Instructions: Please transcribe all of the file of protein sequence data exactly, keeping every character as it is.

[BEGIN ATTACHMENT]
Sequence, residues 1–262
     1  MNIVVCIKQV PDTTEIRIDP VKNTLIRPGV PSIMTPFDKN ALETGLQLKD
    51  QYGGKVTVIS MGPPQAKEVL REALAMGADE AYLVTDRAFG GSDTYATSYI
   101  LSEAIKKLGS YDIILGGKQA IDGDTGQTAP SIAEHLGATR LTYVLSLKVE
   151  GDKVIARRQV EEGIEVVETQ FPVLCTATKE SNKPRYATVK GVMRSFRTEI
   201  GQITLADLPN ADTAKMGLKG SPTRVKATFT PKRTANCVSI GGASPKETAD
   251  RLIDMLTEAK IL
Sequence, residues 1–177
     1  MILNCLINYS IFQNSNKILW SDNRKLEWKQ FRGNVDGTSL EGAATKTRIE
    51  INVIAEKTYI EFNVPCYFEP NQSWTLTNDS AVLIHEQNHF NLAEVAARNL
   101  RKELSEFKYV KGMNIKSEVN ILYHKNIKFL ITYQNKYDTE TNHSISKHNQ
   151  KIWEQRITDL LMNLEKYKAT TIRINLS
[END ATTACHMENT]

Sequence, residues 1–262
     1  MNIVVCIKQV PDTTEIRIDP VKNTLIRPGV PSIMTPFDKN ALETGLQLKD
    51  QYGGKVTVIS MGPPQAKEVL REALAMGADE AYLVTDRAFG GSDTYATSYI
   101  LSEAIKKLGS YDIILGGKQA IDGDTGQTAP SIAEHLGATR LTYVLSLKVE
   151  GDKVIARRQV EEGIEVVETQ FPVLCTATKE SNKPRYATVK GVMRSFRTEI
   201  GQITLADLPN ADTAKMGLKG SPTRVKATFT PKRTANCVSI GGASPKETAD
   251  RLIDMLTEAK IL
Sequence, residues 1–177
     1  MILNCLINYS IFQNSNKILW SDNRKLEWKQ FRGNVDGTSL EGAATKTRIE
    51  INVIAEKTYI EFNVPCYFEP NQSWTLTNDS AVLIHEQNHF NLAEVAARNL
   101  RKELSEFKYV KGMNIKSEVN ILYHKNIKFL ITYQNKYDTE TNHSISKHNQ
   151  KIWEQRITDL LMNLEKYKAT TIRINLS